Evidence heard in April murder of woman near Truckee
NEVADA CITY, Calif. — Felicia Romaine Spruell-Jones, whose body was found dumped on Interstate 80 near Truckee on April 4, allegedly was shot in the face by her boyfriend because he was in love with another woman.
That was some of the testimony presented over two days of a preliminary hearing into the evidence against Maurice Di Aundra Rogers, who has been charged with homicide in the death of Spruell-Jones, 46, of Reno.
Spruell-Jones’ body was found in the road under the Interstate 80 overpass at Farad Road.
Rogers was quickly identified as a suspect and a law enforcement bulletin was distributed throughout Nevada and to agencies in the greater Sacramento area.
He was located and detained in South Sacramento on April 8, was booked on a murder charge and is being held without bail.
Nevada County Sheriff’s Det. Russell Greene testified during the hearing in Nevada County Superior Court that he was called out to the scene where Spruell-Jones was found as a member of the Major Crimes Unit.
Greene said Spruell-Jones was found lying in the middle of the road underneath the interstate overpass, with her body showing signs of trauma to the head and with blood coming from her nose and mouth.
A car had driven through the puddle of blood, leaving an impression, then a track onto the interstate on-ramp, Greene testified. There also was a tire impression on the victim’s arm, he said.
The gunshot wound was not visible at the scene, but a shell casing was found on the road shoulder about 10 feet from the body.
According to Greene, a California Highway Patrol officer had stopped and talked to Rogers in his vehicle at about 5 a.m. that day, after the motorist reported he had run out of gas. That CHP officer did not report anything unusual about the contact.
Greene testified that Rogers was identified as the suspect in the homicide after receiving a report from the Washoe County, Nevada, Sheriff’s Department, that Spruell-Jones had called 911 the night of April 3 to report an argument with Rogers, saying he had a possibly stolen gun.
A Reno Police officer had responded to Rogers’ hotel room and searched his vehicle, his room and his person without locating a weapon. Spruell-Jones reportedly was argumentative with the officer who interviewed her and he concluded she had mental health issues.
Greene testified that in June, he was contacted by Leilani Lee Savage, whom he described as a prostitute who had been at the hotel with Rogers the night of April 3.
“He was supposed to give her money,” Greene said, adding that Savage told him Spruell-Jones showed up and confronted Rogers about paying the other woman with her money.
Savage said they argued and there was a physical confrontation, with Rogers head-butting the victim before they were separated.
Spruell-Jones then left the hotel with Rogers, Savage told the detective.
Savage reportedly said Rogers called her the morning of April 4 and was crying.
“He said he didn’t mean to hurt her, he didn’t mean to do it,” Savage told Greene. In subsequent voice mails, Rogers said he did not mean to shoot Spruell-Jones, and asked Savage to meet him.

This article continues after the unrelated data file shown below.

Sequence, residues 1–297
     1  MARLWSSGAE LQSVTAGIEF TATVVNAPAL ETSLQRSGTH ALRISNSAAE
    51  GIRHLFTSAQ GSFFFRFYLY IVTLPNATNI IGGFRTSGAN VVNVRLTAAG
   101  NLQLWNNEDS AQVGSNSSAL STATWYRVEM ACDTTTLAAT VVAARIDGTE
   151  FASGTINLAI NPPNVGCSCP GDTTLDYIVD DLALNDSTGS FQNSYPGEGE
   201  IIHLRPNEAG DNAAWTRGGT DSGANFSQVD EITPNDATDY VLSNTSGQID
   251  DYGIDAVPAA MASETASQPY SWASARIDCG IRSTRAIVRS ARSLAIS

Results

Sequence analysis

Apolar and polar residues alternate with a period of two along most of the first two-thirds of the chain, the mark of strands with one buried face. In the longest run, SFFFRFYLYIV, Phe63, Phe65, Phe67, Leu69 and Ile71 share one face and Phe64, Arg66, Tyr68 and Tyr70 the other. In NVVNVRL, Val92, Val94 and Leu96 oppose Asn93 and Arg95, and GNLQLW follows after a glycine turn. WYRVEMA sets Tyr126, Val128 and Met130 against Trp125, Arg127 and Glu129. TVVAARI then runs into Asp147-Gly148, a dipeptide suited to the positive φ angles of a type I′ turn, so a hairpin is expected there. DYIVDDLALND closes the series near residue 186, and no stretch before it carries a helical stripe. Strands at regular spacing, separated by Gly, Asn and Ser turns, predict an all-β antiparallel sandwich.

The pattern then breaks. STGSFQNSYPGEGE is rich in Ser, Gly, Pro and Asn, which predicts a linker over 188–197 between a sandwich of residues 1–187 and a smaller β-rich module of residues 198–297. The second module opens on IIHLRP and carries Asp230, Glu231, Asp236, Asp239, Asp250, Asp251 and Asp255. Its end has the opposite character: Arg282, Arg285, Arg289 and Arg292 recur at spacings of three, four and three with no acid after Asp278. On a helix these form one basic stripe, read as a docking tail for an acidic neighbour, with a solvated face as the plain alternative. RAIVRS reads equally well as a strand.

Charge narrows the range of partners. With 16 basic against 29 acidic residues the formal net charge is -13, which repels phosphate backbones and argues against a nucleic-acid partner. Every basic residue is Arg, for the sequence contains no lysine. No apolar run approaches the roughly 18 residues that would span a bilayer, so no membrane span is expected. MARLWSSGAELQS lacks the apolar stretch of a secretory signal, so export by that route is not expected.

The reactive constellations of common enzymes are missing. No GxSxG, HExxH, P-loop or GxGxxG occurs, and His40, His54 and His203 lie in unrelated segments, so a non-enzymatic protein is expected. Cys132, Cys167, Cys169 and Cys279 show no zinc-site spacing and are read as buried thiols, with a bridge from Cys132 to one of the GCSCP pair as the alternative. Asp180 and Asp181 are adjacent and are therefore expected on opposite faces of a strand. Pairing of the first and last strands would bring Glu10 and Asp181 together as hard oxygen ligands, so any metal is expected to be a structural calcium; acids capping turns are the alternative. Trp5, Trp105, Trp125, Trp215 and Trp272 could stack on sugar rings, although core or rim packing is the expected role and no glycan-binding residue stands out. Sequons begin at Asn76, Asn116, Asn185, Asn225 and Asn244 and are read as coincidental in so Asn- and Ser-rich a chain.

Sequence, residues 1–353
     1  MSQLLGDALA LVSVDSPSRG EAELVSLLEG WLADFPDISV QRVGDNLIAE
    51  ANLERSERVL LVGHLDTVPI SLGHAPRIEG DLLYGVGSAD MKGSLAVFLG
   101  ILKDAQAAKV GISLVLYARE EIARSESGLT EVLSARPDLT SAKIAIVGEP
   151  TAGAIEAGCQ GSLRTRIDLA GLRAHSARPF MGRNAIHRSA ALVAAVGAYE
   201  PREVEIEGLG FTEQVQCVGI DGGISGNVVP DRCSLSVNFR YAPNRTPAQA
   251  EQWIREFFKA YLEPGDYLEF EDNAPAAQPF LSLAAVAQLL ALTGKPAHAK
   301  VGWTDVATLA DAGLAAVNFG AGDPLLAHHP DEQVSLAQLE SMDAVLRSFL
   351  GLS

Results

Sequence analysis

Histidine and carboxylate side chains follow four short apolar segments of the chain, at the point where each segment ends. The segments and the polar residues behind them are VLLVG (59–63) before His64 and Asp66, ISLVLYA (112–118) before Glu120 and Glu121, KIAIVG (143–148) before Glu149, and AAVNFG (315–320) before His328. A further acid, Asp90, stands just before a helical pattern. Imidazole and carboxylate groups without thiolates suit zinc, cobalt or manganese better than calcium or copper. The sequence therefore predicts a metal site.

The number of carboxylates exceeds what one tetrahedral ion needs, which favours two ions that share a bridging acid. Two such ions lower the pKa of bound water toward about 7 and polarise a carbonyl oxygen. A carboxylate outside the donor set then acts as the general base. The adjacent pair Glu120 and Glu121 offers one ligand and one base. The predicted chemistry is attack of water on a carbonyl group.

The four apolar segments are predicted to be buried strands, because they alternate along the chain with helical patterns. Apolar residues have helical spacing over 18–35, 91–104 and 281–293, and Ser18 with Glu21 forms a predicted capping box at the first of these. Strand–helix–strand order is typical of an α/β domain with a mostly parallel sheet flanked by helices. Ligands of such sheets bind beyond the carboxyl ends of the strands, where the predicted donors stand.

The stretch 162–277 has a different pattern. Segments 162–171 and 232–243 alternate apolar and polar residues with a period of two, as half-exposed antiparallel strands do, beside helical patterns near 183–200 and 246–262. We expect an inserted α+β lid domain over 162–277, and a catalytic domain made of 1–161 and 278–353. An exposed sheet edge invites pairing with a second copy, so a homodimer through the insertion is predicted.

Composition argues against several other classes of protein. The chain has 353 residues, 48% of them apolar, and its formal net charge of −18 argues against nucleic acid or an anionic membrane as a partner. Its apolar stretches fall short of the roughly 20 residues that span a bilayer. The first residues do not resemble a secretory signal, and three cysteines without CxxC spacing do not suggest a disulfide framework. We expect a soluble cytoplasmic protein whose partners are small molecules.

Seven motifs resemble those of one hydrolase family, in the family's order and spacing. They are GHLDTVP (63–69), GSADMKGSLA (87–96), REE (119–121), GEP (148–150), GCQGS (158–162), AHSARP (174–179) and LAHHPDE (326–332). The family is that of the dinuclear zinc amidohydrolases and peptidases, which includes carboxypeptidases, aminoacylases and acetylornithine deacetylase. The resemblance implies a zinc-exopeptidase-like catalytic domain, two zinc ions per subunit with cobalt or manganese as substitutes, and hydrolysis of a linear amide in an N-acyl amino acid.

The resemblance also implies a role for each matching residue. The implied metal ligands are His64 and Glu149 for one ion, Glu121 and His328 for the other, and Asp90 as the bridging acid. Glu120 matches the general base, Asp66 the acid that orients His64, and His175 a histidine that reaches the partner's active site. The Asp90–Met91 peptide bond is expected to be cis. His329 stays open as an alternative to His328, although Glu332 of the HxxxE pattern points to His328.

“He said he did it for (Savage),” Greene said. “She had told him she wouldn’t date him if he was seeing (Spruell-Jones).”
On cross-examination Greene testified that Savage told him she had not come forward earlier because there was a warrant for her arrest.
Greene also testified that the gun was located after Rogers had made a call from jail to Louise Ford, a family friend, telling her several times that some of his clothing might be behind her couch.
“She didn’t understand what he was talking about,” Greene said. “She believed he was sending her a message.”
She found a duffle bag containing clothing as well as the gun, a rifle with the butt stock cut off, which was wrapped in a sheet.
State Department of Justice criminalist Angela Stroman testified that she examined the scene where Spruell-Jones was found, and also was called out to examine Rogers’ Cadillac.
Stroman said that it would be “practically impossible” for any firearm other than the recovered rifle to have fired the shell casing found near Spruell-Jones’ body.
She also testified that she found a small smear of blood inside Rogers’ sedan, as well as bloodstains on the front and rear wheel wells on the right-hand side.
Dr. Gregory Reiber, a forensic pathologist, testified that Spruell-Jones had been shot in the face from at least 3 feet away, with an exit wound to the rear of her head, and that the gunshot caused her death due to significant bleeding.
Reiber said that she also had blunt injuries to the right side of her head, from her ear to the top of her head. The head trauma would have to have been caused by significant force, he said, such as a 5- or 6-foot fall onto her head.
He agreed the trauma could have been caused by being struck by an automobile, and likely occurred before she was shot.
After hearing the evidence, Judge Robert Tice-Raskin took the matter under submission and will issue a ruling on Dec. 15.
Liz Kellar is a reporter with The Union, a sister media organization of the Sierra Sun’s based in Grass Valley and Nevada City.